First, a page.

• Recent paper suggests positive effect
• Further studies required to prove efficacy
• Combination of treatments may be best
In Japan, acupuncture has become a popular treatment for stiff shoulders, aching lower backs, and injuries resulting from sport or traffic accidents. Can its applications be extended, however, to address depression?
Acupuncture has a long history in this country, likely having first been used here in the 6th century. The practice was imported from China as part of the system of traditional Chinese medicine (TCM). Over time, there started to take shape a distinct Japanese style of acupuncture, which diverged from the TCM model.
Following the Meiji Restoration (1868), and the subsequent reorganisation of medical services as Japan became more Westernised, traditional Japanese medicine began to be rapidly replaced by orthodox Western medicine.
However, acupuncture is still widely practised and available, though by specially trained practitioners, rather than general physicians.
European interest in acupuncture dates from the 17th century, although the treatment only started to gain popularity in the West in the 1970s.
This occurred following acupuncture’s revival in communist China and the endorsement of Chinese acupuncture in the US by some media outlets and institutions of the time.
A variety of different styles or schools are now practised in the West, some based on TCM or other traditional systems, and others that aim to integrate acupuncture into more modern medical theory.
Scientific interest among Westerners was first triggered by some extraordinary stories of patients receiving major surgery with only acupuncture for anaesthesia. Such tales have since been largely discredited, and interest has now moved from using acupuncture for anaesthesia to applying treatment for analgesia (pain relief).
However, much controversy still remains about the quality of the scientific and trial data supporting the use of acupuncture as a painkiller and for other conditions, partly as a result of concern over publication bias.
There has been some interest in the past regarding the effectiveness of acupuncture for treating depression, for example when 30 published trials were evaluated in a 2010 Cochrane Review paper titled “Acupuncture for Depression”.
However, the paper concluded the studies under consideration were of insufficient quality, and that there was little evidence of an effect on depressive symptoms.
In my UK practice, acupuncture was never a treatment I came across or thought to recommend to patients for depression or other mental health issues. So, naturally, I was very interested to read “Acupuncture and Counselling for Depression in Primary Care: A Randomised Controlled Trial,” a paper published in PLOS Medicine. The article presents some new trial data suggesting acupuncture might be helpful for relieving depression.
The study’s authors conducted a randomised controlled trial (RCT) of 755 patients diagnosed with depression who were already undergoing treatment with their general practitioners. It randomly assigned patients to one of three groups: treatment as usual, counselling or acupuncture.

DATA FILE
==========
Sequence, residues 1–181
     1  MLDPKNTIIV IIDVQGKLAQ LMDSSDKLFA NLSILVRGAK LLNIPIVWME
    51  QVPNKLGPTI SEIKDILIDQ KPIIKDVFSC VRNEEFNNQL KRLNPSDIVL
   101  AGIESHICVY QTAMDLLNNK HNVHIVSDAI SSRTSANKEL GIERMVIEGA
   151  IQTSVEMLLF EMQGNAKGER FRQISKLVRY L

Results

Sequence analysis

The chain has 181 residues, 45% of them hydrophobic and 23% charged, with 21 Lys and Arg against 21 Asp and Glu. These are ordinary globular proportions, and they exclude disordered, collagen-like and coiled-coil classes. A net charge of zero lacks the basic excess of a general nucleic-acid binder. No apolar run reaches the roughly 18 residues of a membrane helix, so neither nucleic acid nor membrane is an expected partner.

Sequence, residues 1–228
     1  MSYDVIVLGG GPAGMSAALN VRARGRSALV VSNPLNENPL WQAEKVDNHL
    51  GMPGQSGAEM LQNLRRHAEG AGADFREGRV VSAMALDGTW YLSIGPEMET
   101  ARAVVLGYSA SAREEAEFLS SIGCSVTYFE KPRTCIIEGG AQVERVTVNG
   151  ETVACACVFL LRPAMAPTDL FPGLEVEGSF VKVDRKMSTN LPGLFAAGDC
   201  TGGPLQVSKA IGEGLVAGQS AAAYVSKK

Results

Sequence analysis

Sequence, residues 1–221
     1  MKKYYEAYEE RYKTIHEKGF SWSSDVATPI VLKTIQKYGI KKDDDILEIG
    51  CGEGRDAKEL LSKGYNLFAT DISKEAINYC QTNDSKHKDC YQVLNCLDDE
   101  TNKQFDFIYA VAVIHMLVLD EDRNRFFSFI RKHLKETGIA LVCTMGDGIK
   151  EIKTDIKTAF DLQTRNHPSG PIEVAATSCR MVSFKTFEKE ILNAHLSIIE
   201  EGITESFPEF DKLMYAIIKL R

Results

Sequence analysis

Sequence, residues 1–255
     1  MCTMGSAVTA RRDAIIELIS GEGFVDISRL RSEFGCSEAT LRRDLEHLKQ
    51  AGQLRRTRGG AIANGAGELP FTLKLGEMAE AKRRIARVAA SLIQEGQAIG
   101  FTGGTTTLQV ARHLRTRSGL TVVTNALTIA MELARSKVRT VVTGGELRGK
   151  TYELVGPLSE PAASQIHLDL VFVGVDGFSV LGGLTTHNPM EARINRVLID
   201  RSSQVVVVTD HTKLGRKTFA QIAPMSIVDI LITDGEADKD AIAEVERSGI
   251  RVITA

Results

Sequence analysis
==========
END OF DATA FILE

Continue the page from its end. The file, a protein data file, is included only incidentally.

The “treatment as usual” group received standard care from their general practitioners. Patients in the latter groups received on average nine counselling sessions or 10 acupuncture sessions.
At both the three-month and 12-month follow-ups, there was evidence of a statistically significant improvement in depressive symptoms in both groups.
So, is it safe to say acupuncture cures depression? Certainly not yet. Caution must be observed when interpreting the study’s results, a rule that applies to any RCT.
First of all, the trial was not blinded—i.e. patients knew which treatments they were receiving. Thus, there was no effective placebo in the trial design.
While it is difficult to include an effective placebo in an acupuncture trial, in some cases “orthodox” acupuncture has been used in conjunction with “sham” acupuncture, which does not follow prescribed practises and is viewed as totally ineffective.
In addition, though statistically significant, the scale of improvement noted in patients was modest; only a couple of points were won on a symptom-rating scale.
However, the trial was realistic in that patients included had suffered from depression before, or had experienced symptoms for a while, and many of them were already taking antidepressants.
What, then, is the takeaway message?
My reading is this: for people with depression, who have sought help and are already receiving some form of doctor-supervised treatment, a course of acupuncture may also help address their symptoms. I use the word “may” as seeing one swallow doesn’t make a summer. As called for by the authors of the medical paper, the study requires replication with a larger, preferably sham acupuncture-controlled trial.
The use of acupuncture for depression needs to be considered in the context of other evidence-based treatments for the condition. Many of these more established approaches have a body of supporting evidence far more robust than that for either counselling or acupuncture.
The standard treatment for depression, depending on severity, remains cognitive therapy, antidepressant drugs and, where possible and appropriate, addressing maintaining factors (things that keep a disease or illness going).
Still, the results presented in this study are interesting, and if further trial data supports its conclusions, acupuncture may become a treatment doctors can recommend for depression.